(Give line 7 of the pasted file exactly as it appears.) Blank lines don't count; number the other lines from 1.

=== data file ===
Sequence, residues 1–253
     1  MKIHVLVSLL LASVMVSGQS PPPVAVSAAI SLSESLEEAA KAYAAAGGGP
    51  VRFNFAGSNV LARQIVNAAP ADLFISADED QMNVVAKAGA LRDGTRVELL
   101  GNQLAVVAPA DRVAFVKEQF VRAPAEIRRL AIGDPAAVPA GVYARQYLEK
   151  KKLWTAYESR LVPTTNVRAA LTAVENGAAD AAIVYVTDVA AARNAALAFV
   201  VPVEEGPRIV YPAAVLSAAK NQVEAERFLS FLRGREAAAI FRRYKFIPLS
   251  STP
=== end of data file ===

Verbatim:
   251  STP